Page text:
Francine Birbragher’s curatorial work for the exhibition In body and Soul: The Performance Art of María Teresa Hincapié, featured at the Frost Art Museum, proves to what extent the work of this Colombian artist who had a short life (she was born in the city of Armenia in 1956 and passed away in Bogota in 2008) opened an indelible path for performance in the continent: a complete fusion between the artwork and everyday life, transformed into a sacralized space from which she did not only build a spiri- tual universe for herself, but also left it open for future generations.
The documentary recovery of her works constitutes the memory of a time when performance was being created as a transition from the the- atrical space, and also of the life traces of an artist who even made with her own hands and in a natu- ral and ascetic environment, like a modern Thoreau a house of her own where she could attempt to live her life like a continual performance. Birbragher chose, besides a key group of photographic records, two documentary videos that ultimately serve to question to what extent visual archives, which were means to perpetuate the ephemeral, currently constitute, in and by themselves, contemporary artworks with a power which is not only intact but also renovated. The first of these, Vitrina (1989), filmed in black and white, recovers the eight uninterrupted hours during which Hincapié, wearing a cleaner’s apron, ritually performed house cleaning chores in front of the passers-by, little used to actually “seeing” this kind of ordinary actions. At the same time that she ripped them away from their habitual space, she reproduced them, duplicating a work day, and parallel to this, she used lipstick to transform a glass pane into a mirror on which she drew her body and left messages that reflected a woman divided into many women: “cold”, “married”, “empty”, “prostitute”, “blue”, “flying”. Each phrase, preserved only in the visual archive meant to vanish at the end of the performance endlessly returns after the documentary recovery, and per- mits the rereading of a semiotics linked to the feminine.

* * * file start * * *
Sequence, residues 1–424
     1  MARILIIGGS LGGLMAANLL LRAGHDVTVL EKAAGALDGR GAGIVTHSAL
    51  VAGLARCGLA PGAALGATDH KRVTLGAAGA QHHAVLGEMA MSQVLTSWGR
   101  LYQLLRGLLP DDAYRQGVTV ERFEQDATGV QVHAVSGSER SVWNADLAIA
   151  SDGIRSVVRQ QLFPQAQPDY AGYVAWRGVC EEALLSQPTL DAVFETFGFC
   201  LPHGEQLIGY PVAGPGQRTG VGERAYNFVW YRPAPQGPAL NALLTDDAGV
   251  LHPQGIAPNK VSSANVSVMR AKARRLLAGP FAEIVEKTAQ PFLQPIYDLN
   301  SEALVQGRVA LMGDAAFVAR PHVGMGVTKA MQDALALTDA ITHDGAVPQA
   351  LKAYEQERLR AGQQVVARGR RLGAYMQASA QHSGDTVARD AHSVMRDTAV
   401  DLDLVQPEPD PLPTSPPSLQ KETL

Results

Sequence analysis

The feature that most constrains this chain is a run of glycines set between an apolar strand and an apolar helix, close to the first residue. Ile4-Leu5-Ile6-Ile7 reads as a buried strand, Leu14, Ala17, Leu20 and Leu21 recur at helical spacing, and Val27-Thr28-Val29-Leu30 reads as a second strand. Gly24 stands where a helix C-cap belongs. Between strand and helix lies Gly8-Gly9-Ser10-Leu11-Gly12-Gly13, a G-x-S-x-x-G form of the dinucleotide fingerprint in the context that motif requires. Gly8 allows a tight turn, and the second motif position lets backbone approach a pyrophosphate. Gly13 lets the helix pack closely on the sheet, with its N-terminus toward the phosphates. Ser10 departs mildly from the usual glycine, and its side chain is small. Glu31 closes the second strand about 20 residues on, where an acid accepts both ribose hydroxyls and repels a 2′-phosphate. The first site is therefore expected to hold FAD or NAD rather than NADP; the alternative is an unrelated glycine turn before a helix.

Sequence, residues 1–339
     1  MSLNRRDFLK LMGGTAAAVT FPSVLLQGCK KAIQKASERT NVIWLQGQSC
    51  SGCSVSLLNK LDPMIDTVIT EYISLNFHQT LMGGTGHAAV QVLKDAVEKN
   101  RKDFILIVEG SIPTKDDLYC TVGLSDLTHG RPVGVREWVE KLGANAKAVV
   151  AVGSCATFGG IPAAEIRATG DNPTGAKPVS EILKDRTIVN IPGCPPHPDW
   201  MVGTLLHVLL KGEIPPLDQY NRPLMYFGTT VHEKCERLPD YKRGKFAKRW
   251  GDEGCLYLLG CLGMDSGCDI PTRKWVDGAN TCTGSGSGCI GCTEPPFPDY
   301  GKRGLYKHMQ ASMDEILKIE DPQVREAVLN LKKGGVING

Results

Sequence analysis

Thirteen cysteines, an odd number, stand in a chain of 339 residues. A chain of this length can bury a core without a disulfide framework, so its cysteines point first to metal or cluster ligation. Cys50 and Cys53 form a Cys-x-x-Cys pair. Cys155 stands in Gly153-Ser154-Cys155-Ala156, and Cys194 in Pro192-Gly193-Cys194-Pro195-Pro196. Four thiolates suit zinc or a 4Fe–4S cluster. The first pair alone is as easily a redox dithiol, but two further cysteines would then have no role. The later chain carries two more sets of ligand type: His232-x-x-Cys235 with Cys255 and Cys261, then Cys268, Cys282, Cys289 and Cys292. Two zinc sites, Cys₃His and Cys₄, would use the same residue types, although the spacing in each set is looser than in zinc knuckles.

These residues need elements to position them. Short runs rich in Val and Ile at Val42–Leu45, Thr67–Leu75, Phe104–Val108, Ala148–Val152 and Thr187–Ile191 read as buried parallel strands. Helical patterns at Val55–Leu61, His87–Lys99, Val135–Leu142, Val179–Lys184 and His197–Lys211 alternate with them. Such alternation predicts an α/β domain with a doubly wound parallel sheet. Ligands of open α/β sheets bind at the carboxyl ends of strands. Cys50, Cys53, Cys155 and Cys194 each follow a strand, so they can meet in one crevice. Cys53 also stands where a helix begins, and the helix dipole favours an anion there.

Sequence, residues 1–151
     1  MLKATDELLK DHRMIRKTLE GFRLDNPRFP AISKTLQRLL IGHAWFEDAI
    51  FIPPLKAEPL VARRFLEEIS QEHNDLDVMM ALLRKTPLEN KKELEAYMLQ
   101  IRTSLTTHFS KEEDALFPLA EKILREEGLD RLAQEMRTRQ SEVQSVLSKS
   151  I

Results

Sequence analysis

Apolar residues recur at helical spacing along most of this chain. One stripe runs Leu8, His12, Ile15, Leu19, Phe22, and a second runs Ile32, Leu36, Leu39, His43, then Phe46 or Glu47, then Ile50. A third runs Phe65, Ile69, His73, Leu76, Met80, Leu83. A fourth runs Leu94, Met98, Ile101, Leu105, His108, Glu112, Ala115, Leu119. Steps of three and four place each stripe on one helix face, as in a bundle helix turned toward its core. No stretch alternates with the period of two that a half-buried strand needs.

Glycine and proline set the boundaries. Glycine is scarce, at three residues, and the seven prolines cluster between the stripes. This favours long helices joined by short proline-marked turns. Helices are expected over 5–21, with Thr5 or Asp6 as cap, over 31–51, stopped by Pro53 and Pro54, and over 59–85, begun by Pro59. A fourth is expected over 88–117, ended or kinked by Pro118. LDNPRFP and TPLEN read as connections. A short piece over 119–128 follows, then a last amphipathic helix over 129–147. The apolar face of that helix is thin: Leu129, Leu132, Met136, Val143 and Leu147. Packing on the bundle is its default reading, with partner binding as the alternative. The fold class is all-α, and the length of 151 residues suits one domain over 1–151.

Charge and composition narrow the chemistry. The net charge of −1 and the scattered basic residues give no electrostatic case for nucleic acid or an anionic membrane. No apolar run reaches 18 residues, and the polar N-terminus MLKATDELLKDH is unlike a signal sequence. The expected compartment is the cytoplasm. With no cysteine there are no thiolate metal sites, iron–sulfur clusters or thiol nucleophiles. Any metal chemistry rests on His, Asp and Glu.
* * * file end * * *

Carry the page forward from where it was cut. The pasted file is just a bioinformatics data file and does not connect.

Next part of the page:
In the video which reconstructed Una cosa es una cosa (1990), the act of conveying to a public space all the objects that com- prised her world, the inhabited house, to create an installation which she later deconstructed. Both moments are shown simultaneously. The border of intimate, everyday life is crossed to dissect the relationship between identity and possessions, for the possibility of the work is determined by the few things she possessed. Otherwise, the installation would have been never ending. Her detachment from excess and paroxysm − reflecat- ed in the relationship with things and with time itself is a way of inducing collective reflection from the personal history present in an absolute instant.
The act of burdening the body for six hours with feather wings that demanded the utmost resistance to avoid fainting, or of taking a whole day to erase via an extremely slow walk the word “pain” written on the ground with chalk, or that con- structing imaginaries of paradise with her body, dispossessed of things but immersed in the elements of nature, speak of the demanding decision of giving everything of herself at the moment of the performance.
In a world characterized by the cult of speed and uncontrolable eagerness for material things, María Teresa Hincapié reestablishes slowness, detachment, care for the inhabited world, with her body as her only tool. Hence her capacity to move, to leave an imprint on the spectator, who then hears a call connecting women’s simple everyday life with the course of humanity, and her way of turning her life into a continued performance, to the very limit, until the end.